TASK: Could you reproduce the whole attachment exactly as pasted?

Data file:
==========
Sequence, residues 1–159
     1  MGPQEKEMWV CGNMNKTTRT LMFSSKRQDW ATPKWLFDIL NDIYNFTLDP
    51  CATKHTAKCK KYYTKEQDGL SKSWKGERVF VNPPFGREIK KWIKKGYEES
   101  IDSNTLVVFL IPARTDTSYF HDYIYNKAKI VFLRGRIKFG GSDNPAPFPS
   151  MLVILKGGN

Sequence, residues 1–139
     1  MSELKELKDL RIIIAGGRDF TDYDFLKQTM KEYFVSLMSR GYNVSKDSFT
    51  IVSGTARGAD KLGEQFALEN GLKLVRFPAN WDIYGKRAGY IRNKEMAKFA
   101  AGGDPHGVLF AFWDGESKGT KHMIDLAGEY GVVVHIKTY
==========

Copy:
Sequence, residues 1–159
     1  MGPQEKEMWV CGNMNKTTRT LMFSSKRQDW ATPKWLFDIL NDIYNFTLDP
    51  CATKHTAKCK KYYTKEQDGL SKSWKGERVF VNPPFGREIK KWIKKGYEES
   101  IDSNTLVVFL IPARTDTSYF HDYIYNKAKI VFLRGRIKFG GSDNPAPFPS
   151  MLVILKGGN

Sequence, residues 1–139
     1  MSELKELKDL RIIIAGGRDF TDYDFLKQTM KEYFVSLMSR GYNVSKDSFT
    51  IVSGTARGAD KLGEQFALEN GLKLVRFPAN WDIYGKRAGY IRNKEMAKFA
   101  AGGDPHGVLF AFWDGESKGT KHMIDLAGEY GVVVHIKTY